How do you create a daemon in Python?python


Answers

There are many fiddly things to take care of when becoming a well-behaved daemon process:

  • prevent core dumps (many daemons run as root, and core dumps can contain sensitive information)

  • behave correctly inside a chroot gaol

  • set UID, GID, working directory, umask, and other process parameters appropriately for the use case

  • relinquish elevated suid, sgid privileges

  • close all open file descriptors, with exclusions depending on the use case

  • behave correctly if started inside an already-detached context, such as init, inetd, etc.

  • set up signal handlers for sensible daemon behaviour, but also with specific handlers determined by the use case

  • redirect the standard streams stdin, stdout, stderr since a daemon process no longer has a controlling terminal

  • handle a PID file as a cooperative advisory lock, which is a whole can of worms in itself with many contradictory but valid ways to behave

  • allow proper cleanup when the process is terminated

  • actually become a daemon process without leading to zombies

Some of these are standard, as described in canonical Unix literature (Advanced Programming in the UNIX Environment, by the late W. Richard Stevens, Addison-Wesley, 1992). Others, such as stream redirection and PID file handling, are conventional behaviour most daemon users would expect but that are less standardised.

All of these are covered by the PEP 3143 “Standard daemon process library” specification. The python-daemon reference implementation works on Python 2.7 or later, and Python 3.2 or later.

Question

Searching on Google reveals x2 code snippets. The first result is to this code recipe which has a lot of documentation and explanation, along with some useful discussion underneath.

However, another code sample, whilst not containing so much documentation, includes sample code for passing commands such as start, stop and restart. It also creates a PID file which can be handy for checking if the daemon is already running etc.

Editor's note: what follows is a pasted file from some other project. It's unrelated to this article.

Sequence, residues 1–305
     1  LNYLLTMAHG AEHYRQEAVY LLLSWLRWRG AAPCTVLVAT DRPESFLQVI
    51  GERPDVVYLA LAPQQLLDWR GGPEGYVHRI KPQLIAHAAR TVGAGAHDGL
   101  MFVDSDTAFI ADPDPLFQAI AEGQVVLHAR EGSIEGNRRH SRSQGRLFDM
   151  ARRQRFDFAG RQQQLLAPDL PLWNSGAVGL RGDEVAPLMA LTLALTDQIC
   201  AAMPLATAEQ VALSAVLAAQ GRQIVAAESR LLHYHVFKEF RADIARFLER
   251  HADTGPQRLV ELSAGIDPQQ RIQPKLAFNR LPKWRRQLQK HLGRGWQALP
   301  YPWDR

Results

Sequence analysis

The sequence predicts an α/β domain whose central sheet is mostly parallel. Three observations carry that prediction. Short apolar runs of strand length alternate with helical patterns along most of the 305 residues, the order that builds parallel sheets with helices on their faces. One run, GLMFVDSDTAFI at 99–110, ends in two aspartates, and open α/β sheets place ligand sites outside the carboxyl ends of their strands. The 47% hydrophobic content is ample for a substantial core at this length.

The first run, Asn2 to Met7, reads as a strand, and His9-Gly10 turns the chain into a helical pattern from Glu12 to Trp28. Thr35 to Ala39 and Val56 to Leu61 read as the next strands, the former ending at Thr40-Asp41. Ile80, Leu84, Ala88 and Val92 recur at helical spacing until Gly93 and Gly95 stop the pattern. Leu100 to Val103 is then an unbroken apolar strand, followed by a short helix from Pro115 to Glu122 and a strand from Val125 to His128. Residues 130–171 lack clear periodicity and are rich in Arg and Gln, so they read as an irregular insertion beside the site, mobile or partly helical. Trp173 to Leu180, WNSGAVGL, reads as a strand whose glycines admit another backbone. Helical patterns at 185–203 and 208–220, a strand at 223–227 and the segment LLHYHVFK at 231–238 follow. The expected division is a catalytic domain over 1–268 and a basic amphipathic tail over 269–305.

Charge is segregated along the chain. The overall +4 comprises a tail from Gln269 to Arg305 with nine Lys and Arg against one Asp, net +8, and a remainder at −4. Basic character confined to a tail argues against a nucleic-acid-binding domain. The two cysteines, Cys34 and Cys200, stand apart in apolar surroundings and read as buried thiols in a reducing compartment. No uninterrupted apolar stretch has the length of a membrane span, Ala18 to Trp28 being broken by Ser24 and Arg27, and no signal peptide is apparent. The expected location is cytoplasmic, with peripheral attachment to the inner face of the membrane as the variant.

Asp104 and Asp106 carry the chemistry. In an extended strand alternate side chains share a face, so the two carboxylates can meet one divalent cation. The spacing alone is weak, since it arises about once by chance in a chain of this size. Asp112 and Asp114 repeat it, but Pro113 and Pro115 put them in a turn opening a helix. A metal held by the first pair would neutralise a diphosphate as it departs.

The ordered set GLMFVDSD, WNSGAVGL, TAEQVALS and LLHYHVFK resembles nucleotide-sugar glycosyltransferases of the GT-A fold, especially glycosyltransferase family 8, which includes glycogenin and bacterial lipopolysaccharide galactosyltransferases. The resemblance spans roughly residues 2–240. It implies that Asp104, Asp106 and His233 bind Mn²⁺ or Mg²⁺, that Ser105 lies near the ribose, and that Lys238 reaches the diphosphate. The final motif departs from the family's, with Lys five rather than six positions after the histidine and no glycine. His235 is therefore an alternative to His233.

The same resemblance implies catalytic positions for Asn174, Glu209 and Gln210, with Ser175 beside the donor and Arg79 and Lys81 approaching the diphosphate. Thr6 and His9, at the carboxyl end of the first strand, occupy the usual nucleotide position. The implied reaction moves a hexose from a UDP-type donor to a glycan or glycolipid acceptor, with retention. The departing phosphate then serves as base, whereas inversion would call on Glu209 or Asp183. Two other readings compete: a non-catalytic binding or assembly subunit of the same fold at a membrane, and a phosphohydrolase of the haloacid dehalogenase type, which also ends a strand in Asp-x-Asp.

These samples both explain how to create the daemon. Are there any additional things that need to be considered? Is one sample better than the other, and why?




How to use Daemon that has a while loop?

There are already a number of questions on creating a daemon in Python, like this one, which answer that part nicely.

So, how do you have your daemon do background work?

As you suspected, threads are an obvious answer. But there are three possible complexities.


First, there's shutdown. If you're lucky, your crunchData function can be summarily killed at any time with no corrupted data or (too-significant) lost work. In that case:

def worker():
    while True:
        crunchData()

# ... somewhere in the daemon startup code ...
t = threading.Thread(target=worker)
t.daemon = True
t.start()

Notice that t.daemon. A "daemon thread" has nothing to do with your program being a daemon; it means that you can just quit the main process, and it will be summarily killed.

But what if crunchData can't be killed? Then you'll need to do something like this:

quitflag = False
quitlock = threading.Lock()

def worker():
    while True:
        with quitlock:
            if quitflag:
                return
        crunchData()

# ... somewhere in the daemon startup code ...
t = threading.Thread(target=worker)
t.start()

# ... somewhere in the daemon shutdown code ...
with quitlock:
    quitflag = True
t.join()

I'm assuming each iteration of crunchData doesn't take that long. If it does, you may need to check quitFlag periodically within the function itself.


Meanwhile, you want your request handler to access some data that the background thread is producing. You'll need some kind of synchronization there as well.

The obvious thing is to just use another Lock. But there's a good chance that crunchData is writing to its data frequently. If it holds the lock for 10 seconds at a time, the request handler may block for 10 seconds. But if it grabs and releases the lock a million times, that could take longer than the actual work.

One alternative is to double-buffer your data: Have crunchData write into a new copy, then, when it's done, briefly grab the lock and set currentData = newData.

Depending on your use case, a Queue, a file, or something else might be even simpler.


Finally, crunchData is presumably doing a lot of CPU work. You need to make sure that the request handler does very little CPU work, or each request will slow things down quite a bit as the two threads fight over the GIL. Usually this is no problem. If it is, use a multiprocessing.Process instead of a Thread (which makes sharing or passing the data between the two processes slightly more complicated, but still not too bad).